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Guy Lombardo and his Royal Canadians Recorded Auld Lang Syne
You've heard the song at least once a year, you've probably even sung it at least once per year, but what you may not have known was the popularization of the quintessential New Year's Eve song "Auld Lang Syne" is historically tied to Canada, and the Guy Lombardo Orchestra. Bandleader Guy Lombardo was very well known throughout the United States in the 1930's and 1940's. His run of performances at the Roosevelt Grill in New York City included a yearly New Year's Eve celebration. The traditional Auld Lang Syne was commonly performed by Guy Lombardo and the Royal Canadians, a band he formed with his brothers, as part of the yearly celebration. To this day, Lombardo's original recording is still heard across the world as the clock counts down to midnight each year.

 




Born on March 10th, 1903 in Davenport Iowa, Leon Bismark (Bix) Beiderbecke was one of the earliest and most influential jazz soloists of the 1920's. Along with fellow trumpet player Louis Armstrong, Bix was known not just for having a beautiful, pure tone and fluid improvisational style, but he and Armstrong were also actively recording their music during the same period. Beiderbecke began his musical path first studying piano at a young age, and ultimate picking up the cornet at the age of 13. His early exposure to jazz consisted of phonograph records his brother brought back from the military, and listening to the musicians performing on the riverboats when docked in Davenport. Throughout the 1920's, Bix performed with a number of groups including the Wolverine Orchestra and the Paul Whiteman Orchestra. As a contrast to fellow trumpet virtuoso Louis Armstrong, Beiderbecke rarely ventured into the upper ranges of the cornet, rather concentrating on creating melodic improvisations that were harmonically based. A September 1930 recording session with Hoagy Carmichael would find Bix performing on the original recording of "Georgia On My Mind" which would go on to achieve popular success.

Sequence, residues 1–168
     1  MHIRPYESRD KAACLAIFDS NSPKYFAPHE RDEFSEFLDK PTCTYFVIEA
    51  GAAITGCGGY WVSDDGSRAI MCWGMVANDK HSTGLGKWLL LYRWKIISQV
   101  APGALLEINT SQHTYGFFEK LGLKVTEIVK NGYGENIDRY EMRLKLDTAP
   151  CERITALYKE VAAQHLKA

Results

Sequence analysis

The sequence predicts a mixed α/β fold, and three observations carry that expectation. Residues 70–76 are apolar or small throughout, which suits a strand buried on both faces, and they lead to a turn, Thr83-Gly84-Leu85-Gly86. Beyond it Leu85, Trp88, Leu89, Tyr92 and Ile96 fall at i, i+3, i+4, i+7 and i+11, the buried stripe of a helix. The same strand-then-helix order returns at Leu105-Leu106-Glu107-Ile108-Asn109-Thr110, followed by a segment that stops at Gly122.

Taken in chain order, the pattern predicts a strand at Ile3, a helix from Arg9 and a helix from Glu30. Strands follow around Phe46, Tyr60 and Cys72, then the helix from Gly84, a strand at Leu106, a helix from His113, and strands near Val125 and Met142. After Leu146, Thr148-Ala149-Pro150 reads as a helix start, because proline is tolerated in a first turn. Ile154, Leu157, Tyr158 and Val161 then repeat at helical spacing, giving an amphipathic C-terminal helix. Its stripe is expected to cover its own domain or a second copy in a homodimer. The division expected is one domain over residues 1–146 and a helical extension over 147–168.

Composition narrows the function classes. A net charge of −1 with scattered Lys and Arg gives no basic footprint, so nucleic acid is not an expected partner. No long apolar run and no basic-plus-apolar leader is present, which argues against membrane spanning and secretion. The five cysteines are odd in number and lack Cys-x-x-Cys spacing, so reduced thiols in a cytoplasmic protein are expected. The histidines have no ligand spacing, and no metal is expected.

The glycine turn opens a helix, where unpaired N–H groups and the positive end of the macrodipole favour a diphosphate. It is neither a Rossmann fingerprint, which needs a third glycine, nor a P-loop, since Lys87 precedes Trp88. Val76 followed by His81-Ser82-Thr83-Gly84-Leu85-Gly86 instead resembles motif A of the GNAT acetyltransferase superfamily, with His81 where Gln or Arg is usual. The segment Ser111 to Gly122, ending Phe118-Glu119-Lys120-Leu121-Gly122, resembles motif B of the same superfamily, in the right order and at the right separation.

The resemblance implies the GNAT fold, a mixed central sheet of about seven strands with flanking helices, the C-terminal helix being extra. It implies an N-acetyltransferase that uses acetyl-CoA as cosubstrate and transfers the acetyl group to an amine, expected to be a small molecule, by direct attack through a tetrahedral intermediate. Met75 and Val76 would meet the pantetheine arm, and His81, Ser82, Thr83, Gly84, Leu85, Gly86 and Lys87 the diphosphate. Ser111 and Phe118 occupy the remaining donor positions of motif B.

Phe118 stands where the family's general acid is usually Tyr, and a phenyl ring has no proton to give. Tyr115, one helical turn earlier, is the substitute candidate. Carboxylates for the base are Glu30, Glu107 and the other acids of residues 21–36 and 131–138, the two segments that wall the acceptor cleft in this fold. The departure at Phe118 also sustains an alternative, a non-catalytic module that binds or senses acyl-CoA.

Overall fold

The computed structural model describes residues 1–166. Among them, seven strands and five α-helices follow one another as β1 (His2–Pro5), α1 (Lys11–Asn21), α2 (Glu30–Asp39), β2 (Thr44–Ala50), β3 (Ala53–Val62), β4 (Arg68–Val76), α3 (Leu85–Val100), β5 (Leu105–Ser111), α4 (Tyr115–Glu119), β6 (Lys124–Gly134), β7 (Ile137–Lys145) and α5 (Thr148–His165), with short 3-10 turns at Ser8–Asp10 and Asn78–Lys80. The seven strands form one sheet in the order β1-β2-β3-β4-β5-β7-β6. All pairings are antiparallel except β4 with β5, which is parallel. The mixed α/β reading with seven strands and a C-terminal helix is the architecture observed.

Struggling throughout his life with alcoholism which historians note as a contributing factor to his death, Bix Beiderbecke passed away in August of 1931 in Queens New York. Though relatively short in time, the influence and style of Bix Beiderbecke can still be traced to musicians today, leaving his legacy intact for generations of musicians.

 



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